Analytics and Interview

On 16 January 2015 late in the evening the website of the Ministry of Justice published a statement that the NGO Committee Against Torture had been added to the register of non-profit organizations designated as ‘foreign agents’.
Tanya Lokshina is the Russia program director at Human Rights Watch and Honorary Participant of International Youth Human Rights Movement: As the crisis in Ukraine escalated this spring, the Kremlin’s vicious crackdown on civil society also escalated. Space for independent civic activity in Russia is shrinking dramatically, but international policymakers and the media have been understandably too distracted to do much about it. Since early spring, it seems as though every week brings a new pernicious law or legislative proposal.
Earlier this year, the correspondent of Youth Human Rights Movement from Germany Jakob Stürmann interviewed Konstantin Baranov, member of the Coordination Council of the International Youth Human Rights Movement. They discussed so called “law against homosexual propaganda” and the overall situation of LGBT in Russia.  

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Oleg Sentsov, Olexander Kolchenko, Hennadiy Afanasiev and Oleksiy Chyrniy have been held in Russian jails for two years already under fabricated charges of ‘terrorism’. We consider it being necessary to express solidarity with those who are persecuted due to their pro-Ukrainian views, civic stand and desire for freedom in Russia-annexed Crimea.
Helsinki Committee of Armenia has published “Human Rights in Armenia 2014” Annual Report. The report reflects on the Right to Freedom of Speech, Freedom of Peaceful Assembly and Association, Torture, Inhuman or Degrading Treatment, Political Persecutions, Freedom of Conscience and Religion, The Rights of the Child, Protection of Labor Rights.
«We have a few questions for you,» a border guard told Sinaver Kadyrov, a Crimean Tatar activist, at the Armyansk checkpoint in northern Crimea on Jan. 23. Kadyrov was on his way to Kherson, in southern Ukraine, to fly to Turkey for medical treatment. It was the beginning of an ordeal that ended with a local court expelling him from Crimea, his home of almost 25 years.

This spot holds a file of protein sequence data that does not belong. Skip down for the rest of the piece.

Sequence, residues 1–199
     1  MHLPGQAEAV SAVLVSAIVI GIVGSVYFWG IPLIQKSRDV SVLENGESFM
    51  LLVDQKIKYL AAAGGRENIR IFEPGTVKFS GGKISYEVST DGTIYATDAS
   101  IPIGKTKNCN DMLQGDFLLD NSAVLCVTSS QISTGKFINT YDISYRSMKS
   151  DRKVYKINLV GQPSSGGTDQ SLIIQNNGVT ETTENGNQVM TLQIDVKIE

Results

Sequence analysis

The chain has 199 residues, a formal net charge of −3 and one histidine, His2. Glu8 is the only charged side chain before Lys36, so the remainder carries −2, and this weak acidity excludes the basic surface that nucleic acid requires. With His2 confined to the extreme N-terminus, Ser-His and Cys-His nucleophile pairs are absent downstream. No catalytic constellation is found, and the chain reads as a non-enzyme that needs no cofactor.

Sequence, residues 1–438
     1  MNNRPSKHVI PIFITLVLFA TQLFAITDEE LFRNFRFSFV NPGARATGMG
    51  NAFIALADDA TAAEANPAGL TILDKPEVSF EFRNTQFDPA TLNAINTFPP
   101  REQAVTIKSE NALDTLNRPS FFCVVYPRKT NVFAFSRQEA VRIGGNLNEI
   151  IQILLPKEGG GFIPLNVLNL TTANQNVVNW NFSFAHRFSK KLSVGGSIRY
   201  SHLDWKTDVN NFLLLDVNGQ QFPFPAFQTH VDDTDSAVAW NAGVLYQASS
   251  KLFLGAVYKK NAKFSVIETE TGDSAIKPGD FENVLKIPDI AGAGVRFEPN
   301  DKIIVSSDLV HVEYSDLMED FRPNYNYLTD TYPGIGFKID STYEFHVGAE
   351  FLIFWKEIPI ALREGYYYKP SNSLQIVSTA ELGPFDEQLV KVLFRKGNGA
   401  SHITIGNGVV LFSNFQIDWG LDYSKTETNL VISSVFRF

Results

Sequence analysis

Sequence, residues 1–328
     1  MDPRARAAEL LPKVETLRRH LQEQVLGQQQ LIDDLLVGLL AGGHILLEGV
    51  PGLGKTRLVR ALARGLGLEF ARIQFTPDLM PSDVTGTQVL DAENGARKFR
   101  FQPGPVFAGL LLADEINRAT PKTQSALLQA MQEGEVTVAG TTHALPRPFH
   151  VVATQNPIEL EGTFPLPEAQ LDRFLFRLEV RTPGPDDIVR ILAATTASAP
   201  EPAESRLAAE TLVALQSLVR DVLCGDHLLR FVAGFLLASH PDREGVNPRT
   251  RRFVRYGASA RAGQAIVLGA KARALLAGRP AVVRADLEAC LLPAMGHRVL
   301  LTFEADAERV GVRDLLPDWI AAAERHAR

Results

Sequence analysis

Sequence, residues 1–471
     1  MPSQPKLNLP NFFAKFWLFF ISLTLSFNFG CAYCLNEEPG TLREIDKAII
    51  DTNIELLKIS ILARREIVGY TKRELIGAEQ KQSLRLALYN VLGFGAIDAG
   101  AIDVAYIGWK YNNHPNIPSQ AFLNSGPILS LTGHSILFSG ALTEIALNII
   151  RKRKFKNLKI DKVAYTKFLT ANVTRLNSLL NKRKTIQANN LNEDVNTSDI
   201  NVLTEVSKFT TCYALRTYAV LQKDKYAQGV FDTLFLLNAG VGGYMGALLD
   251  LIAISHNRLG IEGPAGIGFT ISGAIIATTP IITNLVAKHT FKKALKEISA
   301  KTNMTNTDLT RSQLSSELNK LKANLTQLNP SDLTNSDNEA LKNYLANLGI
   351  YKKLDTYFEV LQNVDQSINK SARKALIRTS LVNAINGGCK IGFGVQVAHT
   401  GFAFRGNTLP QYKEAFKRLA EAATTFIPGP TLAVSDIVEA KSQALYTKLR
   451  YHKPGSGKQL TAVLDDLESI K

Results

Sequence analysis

Whenever you find yourself on the side of the majority It is time to sit back and reflect.

Mark Twain


Youth Human Rights Movement

Fundamental Rights Violated during Belarusian Presidential Election

Дата публикации: 

In the lead-up to and following the presidential election in Belarus on December 19, reports indicate that the rights of civil society have been severely limited and violated. According to the International Federation for Human Rights (FIDH), on December 19, Belarus Helsinki Committee (BHC) Chairman, Mr. Aleg Hulak. was arrested by riot police as he left a peaceful post-election demonstration at Nezavisimosti Square in Minsk. He was then taken to Akrestina police detention center. His exact whereabouts are currently unknown.


Also according to FIDH and the Viasna Human Rights Center, on December 20, 15 persons in plain clothes raided the Minsk-based Viasna Center and arrested 10 staff members. Those arrested were at the Center analyzing data that had been collected the day before from 600 election monitors across the country for the "Human Rights Defenders for Free Elections" monitoring project run jointly by Viasna and the BHC. During their interrogation at the police station, the staff members were asked to write down where they had been during the election, and whether or not they had participated in demonstrations. All 10 Viasna Center staff have since been released.


Finally, according to the Belarusian Association of Journalists, independent Web sites were blocked during the election while numerous journalists were attacked and detained by riot police. It is estimated that over 600 journalists and activists are now being detained.


On November 28-29, 2010, in Astana, Kazakhstan, over 150 civil society organizations participated in the Parallel OSCE Civil Society Conference where they developed an "Outcome Document" that addresses freedom of expression and freedom of assembly, among other issues. The document calls on OSCE Participating States, including Belarus, to "do more to protect journalists and civic and political activists from physical attacks, harassment and intimidation," and to "ensure the provision of security and safety to participants of peaceful assemblies." The World Movement urges all OSCE Participating States to advance such protections in Belarus.


Moreover, in its "Defending Civil Society" report, the World Movement addresses freedom of expression and the right to communication, and articulates six principles for protecting civil society. The third principle states that "Freedom of expression protects not only ideas regarded as inoffensive or a matter of indifference but also those that offend, shock or disturb, since pluralism is essential in a democratic society." The fourth principle also states that "Individuals and NGOs have the right to use the Internet and Web-based technologies to communicate more effectively."


For more information on violations during and after the presidential election in Belarus, go to:

* International Federation for Human Rights (FIDH) -
* Viasna Human Rights Center -
* Belarusian Association of Journalists -

For more information on the Parallel OSCE Civil Society Conference and Outcome Document (in English), go to:


For more information on the Parallel OSCE Civil Society Conference and Outcome Document (in Russian), go to: site

For more information on the Defending Civil Society project, go to: